Reblogged this on Hope's Reason.
I have not read the book, and I know I will to have time to (my stack is hundreds deep and my wish list will require a few lifetimes!).
Just a few comments anyway………..
1. I wonder if JW misses the point f this book? There is a complaint that the book is too broad and too vague to be helpful. And there’s a complaint that Poythress does not draw out practical implications. I doubt it was the authors intention to go beyond the theoretical. Bringing in the realm of application would surely make the book “broad” and impossibly long. I recently read a book that is just that: a ore practical look at God’s sovereignty in the affairs of chance events with an emphasis on pain and suffering (Randy Alcorn’s “If God is Good” http://www.amazon.com/If-God-Is-Good-Suffering/dp/160142132X/ref=sr_1_10?ie=UTF8&qid=1402060380&sr=8-10&keywords=randy+Alcorn). That required almost 600 pages (and it as a really great book for an application of these topics to our lives). But Alcorn could not begin to address the philosophical and theoretical foundations as that as not the purpose of that book.
2. Fascinating points about how often atheists use the “Chane of the gaps” argument. When chance is not a casual agent but only a word for what we cannot explain. I see that all the time on blog replies written by atheists. It’s as useful as “Mother Nature”, Multiverses, or other forms of magic that atheists conjure up.
3. Was there any mention of the “Middle Knowledge” of God, whereby God has prior knowledge of all events? Wm. Lane Craig uses that argument to resolve the predestination/ free will dilemma and I think it would be quite pertinent to the topic of chance and God’s sovereignty.
4. Re. the doctrine of the Trinity as a paradigm for how God’s is revealed in the world, Dorothy Sayers’ “The Mind of the Maker” is a great resource.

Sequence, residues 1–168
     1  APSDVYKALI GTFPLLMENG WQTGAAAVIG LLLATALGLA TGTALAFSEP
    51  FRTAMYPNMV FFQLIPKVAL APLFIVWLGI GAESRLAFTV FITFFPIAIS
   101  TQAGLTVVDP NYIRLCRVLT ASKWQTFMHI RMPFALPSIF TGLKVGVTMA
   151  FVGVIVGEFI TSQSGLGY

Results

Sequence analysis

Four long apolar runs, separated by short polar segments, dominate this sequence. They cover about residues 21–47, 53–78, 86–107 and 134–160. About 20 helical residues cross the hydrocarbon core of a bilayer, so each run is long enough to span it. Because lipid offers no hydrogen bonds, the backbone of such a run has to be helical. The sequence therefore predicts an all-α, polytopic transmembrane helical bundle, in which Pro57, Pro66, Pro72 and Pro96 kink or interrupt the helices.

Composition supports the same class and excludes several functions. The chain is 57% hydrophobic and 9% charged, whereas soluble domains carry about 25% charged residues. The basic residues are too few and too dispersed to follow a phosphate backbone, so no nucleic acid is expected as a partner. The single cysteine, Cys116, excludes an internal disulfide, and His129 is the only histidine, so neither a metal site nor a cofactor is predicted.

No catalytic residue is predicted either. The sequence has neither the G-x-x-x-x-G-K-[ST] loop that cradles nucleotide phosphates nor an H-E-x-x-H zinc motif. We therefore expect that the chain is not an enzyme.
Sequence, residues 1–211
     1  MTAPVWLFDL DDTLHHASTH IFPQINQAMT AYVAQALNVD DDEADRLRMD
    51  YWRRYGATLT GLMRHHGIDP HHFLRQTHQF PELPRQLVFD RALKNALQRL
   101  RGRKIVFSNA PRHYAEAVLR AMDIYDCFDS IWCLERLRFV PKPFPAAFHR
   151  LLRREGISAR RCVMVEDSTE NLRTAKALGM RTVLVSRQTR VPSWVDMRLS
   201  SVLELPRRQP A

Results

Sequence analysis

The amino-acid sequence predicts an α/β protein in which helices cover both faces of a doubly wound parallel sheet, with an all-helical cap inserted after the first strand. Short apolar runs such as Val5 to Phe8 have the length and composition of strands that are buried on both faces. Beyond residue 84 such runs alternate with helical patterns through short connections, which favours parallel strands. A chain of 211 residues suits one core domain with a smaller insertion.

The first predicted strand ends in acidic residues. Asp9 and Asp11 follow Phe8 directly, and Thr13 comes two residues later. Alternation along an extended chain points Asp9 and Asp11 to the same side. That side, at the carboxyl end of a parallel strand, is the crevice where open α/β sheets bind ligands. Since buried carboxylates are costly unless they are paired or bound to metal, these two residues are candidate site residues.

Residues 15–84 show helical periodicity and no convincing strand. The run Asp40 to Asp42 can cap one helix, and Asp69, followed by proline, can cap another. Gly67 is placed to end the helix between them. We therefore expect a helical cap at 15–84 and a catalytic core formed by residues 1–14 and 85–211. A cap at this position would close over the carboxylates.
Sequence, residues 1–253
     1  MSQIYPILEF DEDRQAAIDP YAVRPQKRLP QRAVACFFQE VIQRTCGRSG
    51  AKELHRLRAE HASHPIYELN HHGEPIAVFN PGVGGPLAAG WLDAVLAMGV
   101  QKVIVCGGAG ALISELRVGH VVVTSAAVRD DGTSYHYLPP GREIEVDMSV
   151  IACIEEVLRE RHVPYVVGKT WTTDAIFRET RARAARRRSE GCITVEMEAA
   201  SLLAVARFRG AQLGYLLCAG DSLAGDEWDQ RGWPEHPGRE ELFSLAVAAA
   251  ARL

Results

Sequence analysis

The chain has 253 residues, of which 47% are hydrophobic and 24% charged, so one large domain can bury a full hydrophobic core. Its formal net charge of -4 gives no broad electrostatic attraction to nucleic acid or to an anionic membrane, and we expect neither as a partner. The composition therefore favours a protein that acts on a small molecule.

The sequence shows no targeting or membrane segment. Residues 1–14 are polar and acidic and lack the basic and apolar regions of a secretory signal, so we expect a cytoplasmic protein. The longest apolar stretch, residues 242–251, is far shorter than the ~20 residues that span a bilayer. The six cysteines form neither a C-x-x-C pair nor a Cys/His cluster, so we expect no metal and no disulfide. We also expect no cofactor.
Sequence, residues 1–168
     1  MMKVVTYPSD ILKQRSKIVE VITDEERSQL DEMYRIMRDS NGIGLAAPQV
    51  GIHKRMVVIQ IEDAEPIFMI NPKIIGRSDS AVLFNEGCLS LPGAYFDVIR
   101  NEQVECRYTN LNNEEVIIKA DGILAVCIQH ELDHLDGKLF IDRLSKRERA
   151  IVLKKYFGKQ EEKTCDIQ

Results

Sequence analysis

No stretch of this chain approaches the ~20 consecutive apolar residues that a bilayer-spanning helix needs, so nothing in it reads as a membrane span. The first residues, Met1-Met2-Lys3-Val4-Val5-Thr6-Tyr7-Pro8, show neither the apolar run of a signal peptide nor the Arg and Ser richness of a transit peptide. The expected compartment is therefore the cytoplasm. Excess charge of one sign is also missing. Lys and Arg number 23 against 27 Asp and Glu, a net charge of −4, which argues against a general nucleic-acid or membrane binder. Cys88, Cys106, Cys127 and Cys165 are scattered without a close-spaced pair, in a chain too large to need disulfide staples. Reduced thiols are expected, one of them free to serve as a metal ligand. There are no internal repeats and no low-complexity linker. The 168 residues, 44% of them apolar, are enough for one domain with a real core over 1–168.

Sorry for the long reply…….
I always read JW Wartick and think this blog is one of the most reliably intelligent and well written anywhere.
Thanks for the work JW. I skim most of the others, but I almost always know and trust that this blog is worth copying and reading carefully.
Sorry for the delayed response. Thanks so much for your comment! Thanks also for reading and your very kind words about this blog.
I think that the comment by Natural Historian also brings out the same things I was saying.
To be honest, the book would not have to be any longer at all. Instead, they could simply edit out the dozens of pages dedicated to probability theory and interlaced with “God did it” type comments, and instead replace it with on-topic comments about how, exactly, chance relates to sovereignty. Clearly, the book attempts to hint at application, but it is often only hinted at and never even argued for.
I think you’d really have to read it in order to level these kind of critiques against the review, particularly because from response so far, others agree about the writing style. This is something I experienced with Poythress in his “Inerrancy and Worldview” book as well. It was all very, very base-level without any exposition at all. Similarly, many of the comments in this book are pretty straightforward: the Bible says x, therefore x. That is a very important exercise, but having over a hundred pages of a book dedicated to it, and then simply importing a whole two sections (and several appendices) to probability theory doesn’t make the book feel focused or even, at times, helpful.
There are many good insights, as I noted (like the comments about worldview and chance), but these were in between at times tens of pages of what felt, for lack of a better word, like filler.
I do not recall a single reference to middle knowledge, though I’d be happy to be corrected.
Hi JW, Logos Bible Software (Faithlife) have Poythress’ book on sovereignty on sale right now ($3.99!). Thought I’d read a few reviews before committing to the “investment.” [wink] I came to your site after reading your Amazon review. Based on your read, would you recommend another book on the same subject that addresses the issues you raise? See https://www.logos.com/product/150253/chance-and-the-sovereignty-of-god-a-god-centered-approach-to-probability-and-random-events
Yikes, I need to correct my spelling and grammar before sending comments – apologies for all the errors.
Fair enough J.W. I really need to read the book.